Chocolate filled Sticky Rice Balls with Coconut
I made some coconut flavored sticky rice balls but instead of making the traditional split mung bean filling, I stuffed the dumplings with chocolate. I steamed them then rolled them in freshly grated coconut. They're delicious and cholesterol free.
Yields: 6 servings (about 2 dozen)1-½ cups sticky rice
3/4 cup coconut milk
1 chunk baby ginger
5 tablespoons superfine sugar
1/8 teaspoon salt
24 largest-sized milk chocolate chips
4 tablespoons powdered sugar
1 cup coconut, freshly shredded
Bring water to a boil in a wok. Add a bamboo steamer insert. Lower the heat while making the dumplings.
Grind the sticky rice in a mill. Sift the flour.
Wash the ginger root. Peel it with a paring knife (or the edge of a spoon) and finely grate it using a microplane. Gather about 1-½ tablespoons of the grated ginger root.
In a bowl, combine the rice flour, sugar, ginger, salt and 2 tablespoons of coconut. Add the coconut milk. Stir the mixture and knead until a big white ball is formed. It will have the consistency of play-dough. Form about 1 1/2 inch diameter balls. Insert a chocolate chip inside each dumplings. To give the dumplings a fancier look, you can shape the tops to resemble a Hershey's Kiss.
Cut little squares of parchment paper to put under each dumpling. It will block off some of the direct steam, allowing for even absorption of moisture while still permitting the heat to penetrate through the steamer. Place all the dumplings in a bamboo steamer. Place them on the highest level of the steamer to avoid direct heat. Steam for about 20-25 minutes over medium high heat.
Combine the rest of the shredded coconut with the powdered sugar and place in a shallow bowl.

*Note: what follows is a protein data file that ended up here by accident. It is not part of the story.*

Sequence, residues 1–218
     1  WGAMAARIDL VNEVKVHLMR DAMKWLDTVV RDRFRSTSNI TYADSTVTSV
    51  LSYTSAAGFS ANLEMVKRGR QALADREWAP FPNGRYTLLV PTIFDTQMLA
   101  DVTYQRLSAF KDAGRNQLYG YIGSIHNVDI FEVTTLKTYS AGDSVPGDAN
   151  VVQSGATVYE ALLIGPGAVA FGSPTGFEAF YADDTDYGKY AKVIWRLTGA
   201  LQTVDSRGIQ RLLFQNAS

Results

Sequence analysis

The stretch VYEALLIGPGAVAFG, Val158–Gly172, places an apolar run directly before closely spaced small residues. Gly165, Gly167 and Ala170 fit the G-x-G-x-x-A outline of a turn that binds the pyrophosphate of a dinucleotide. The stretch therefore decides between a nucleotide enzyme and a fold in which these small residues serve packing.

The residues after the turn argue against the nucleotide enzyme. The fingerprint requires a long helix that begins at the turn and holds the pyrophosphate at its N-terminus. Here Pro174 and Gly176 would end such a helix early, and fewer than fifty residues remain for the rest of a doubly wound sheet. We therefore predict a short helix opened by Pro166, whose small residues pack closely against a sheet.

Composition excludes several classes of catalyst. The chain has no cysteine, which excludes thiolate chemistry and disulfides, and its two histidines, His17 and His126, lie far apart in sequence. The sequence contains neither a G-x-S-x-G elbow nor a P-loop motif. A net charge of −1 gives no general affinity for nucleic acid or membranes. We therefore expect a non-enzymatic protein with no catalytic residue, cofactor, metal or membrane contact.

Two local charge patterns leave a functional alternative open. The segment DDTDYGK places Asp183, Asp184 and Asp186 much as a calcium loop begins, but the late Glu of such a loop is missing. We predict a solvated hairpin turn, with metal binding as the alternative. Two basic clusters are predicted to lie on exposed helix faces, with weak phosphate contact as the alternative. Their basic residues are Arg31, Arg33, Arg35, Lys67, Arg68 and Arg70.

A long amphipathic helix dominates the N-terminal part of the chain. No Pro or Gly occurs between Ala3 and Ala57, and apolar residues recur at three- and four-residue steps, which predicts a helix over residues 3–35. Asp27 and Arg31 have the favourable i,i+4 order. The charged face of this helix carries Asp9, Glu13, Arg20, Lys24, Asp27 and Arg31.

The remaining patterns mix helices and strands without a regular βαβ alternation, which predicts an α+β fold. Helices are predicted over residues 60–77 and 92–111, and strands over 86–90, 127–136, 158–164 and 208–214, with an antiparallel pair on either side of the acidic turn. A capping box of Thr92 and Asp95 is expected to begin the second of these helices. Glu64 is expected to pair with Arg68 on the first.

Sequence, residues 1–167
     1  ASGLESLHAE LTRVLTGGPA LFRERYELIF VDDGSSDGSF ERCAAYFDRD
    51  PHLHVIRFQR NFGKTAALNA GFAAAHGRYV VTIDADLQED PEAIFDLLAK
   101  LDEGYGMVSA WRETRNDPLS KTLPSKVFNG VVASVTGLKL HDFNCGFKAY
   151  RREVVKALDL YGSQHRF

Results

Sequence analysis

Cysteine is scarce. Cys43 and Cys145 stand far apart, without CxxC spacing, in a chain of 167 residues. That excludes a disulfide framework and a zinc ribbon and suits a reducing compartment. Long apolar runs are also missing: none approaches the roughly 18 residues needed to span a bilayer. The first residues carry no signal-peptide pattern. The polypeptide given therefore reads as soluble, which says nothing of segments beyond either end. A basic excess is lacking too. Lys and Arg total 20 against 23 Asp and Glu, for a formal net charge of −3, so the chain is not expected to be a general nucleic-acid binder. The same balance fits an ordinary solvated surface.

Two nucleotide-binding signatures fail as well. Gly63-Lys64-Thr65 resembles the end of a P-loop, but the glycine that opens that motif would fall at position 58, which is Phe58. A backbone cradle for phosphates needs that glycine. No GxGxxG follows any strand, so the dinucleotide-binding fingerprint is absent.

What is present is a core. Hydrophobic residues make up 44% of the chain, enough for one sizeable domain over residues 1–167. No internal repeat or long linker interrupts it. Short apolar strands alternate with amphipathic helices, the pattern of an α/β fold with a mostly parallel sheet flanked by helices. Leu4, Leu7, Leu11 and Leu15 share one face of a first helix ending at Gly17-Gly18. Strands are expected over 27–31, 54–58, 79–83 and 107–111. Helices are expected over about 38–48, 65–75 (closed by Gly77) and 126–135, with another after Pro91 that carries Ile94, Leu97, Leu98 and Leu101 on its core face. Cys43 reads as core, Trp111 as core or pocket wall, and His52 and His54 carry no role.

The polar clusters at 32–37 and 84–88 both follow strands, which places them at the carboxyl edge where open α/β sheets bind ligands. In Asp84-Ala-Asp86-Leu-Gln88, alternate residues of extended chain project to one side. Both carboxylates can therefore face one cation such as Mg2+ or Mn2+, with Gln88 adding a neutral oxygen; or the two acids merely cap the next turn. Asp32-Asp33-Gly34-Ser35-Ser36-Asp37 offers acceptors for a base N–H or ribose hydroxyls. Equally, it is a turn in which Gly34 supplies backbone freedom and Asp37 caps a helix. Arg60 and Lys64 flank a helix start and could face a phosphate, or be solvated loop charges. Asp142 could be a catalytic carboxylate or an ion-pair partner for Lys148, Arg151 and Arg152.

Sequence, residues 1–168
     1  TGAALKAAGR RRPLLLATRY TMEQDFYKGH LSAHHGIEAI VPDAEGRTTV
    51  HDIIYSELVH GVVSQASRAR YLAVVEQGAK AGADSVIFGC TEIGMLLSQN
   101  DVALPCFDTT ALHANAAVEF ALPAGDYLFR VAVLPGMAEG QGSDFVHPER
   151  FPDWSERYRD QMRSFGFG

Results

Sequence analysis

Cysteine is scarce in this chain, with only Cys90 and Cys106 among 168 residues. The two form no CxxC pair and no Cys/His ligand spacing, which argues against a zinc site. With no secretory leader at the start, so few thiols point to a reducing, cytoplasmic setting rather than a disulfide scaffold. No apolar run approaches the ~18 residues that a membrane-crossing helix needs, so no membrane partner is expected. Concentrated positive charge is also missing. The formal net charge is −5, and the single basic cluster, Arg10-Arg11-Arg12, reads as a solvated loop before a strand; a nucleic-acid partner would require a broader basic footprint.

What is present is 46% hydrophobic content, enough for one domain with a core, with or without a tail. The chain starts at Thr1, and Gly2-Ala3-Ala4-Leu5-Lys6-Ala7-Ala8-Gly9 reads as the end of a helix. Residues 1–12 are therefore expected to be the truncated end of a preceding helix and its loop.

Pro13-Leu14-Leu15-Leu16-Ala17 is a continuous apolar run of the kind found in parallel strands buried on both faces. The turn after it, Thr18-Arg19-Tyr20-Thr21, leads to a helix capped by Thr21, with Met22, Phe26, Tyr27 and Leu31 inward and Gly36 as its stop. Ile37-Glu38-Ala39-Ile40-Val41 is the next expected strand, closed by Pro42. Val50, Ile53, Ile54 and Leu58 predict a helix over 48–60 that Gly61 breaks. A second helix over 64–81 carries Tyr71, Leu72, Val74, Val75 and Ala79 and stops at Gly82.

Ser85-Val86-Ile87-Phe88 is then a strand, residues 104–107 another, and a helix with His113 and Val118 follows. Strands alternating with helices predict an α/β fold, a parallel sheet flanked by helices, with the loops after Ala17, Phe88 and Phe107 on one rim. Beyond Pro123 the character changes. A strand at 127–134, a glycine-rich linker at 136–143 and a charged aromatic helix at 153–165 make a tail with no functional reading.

Once the sticky balls are cooked, they should be firm but still moist. Remove them from the steamer, roll each of them in the coconut/powdered sugar mix using chopsticks or a fork.
Serve right away so that the chocolate filling is still gooey. They go great with Vietnamese-style coffee.
I used Hakubai brand sweet rice, a glutinous sweet rice. You can find sweet rice in any Korean market. If you don't have any, you can use any other round-shaped rice.
You can buy sticky rice flour at the stores. It's called bột nếp. I prefer grinding my own though, so I know all the nutrients are preserved. I use the Nutrimill brand mill. I got it several months ago and it's very helpful for making any kind of flour. It's a great help for gluten allergies as well. I make my own flour with buckwheat, oat, sorghum and spelt.
Count approximately 1 part of sticky rice flour for 1/3 part coconut milk ( I usually add an additional tablespoon of coconut milk to make the dough a little stickier).
I use the largest sized Guittard chocolate chips. The bigger the chocolate chips, the better. You want a big filling of molten chocolate and a thin layer of the sticky rice. If you can't find big ones, go with two smaller sized chips per ball.
I used a bamboo steamer. The bamboo adds that rustic wooden aroma to your dish. If you don't own one, you can either use a metal steamer or a plastic steamer that goes in the microwave. Microwave the dumplings for about 3-4 minutes at the maximum power output.
To preserve your bamboo steamer, hand wash it, pat dry and spray with some oil so that the bamboo does not dry when it's stored.
You can also roll the dumplings with toasted sesame seeds.
I absolutely love chocolate but the more traditional sticky rice balls are made with split mung beans or red bean paste. When I have time, I also like to make the Indian version of these Vietnamese dumplings by changing the filling. It seems like every Asian cuisine has its own sticky rice dessert recipe. For the Indian dessert, called modak, I use crushed pistachio, coconut, ghee (Indian-style clarified butter), palm sugar, cardamom and coconut as the filling.Published By: on January 26, 2009.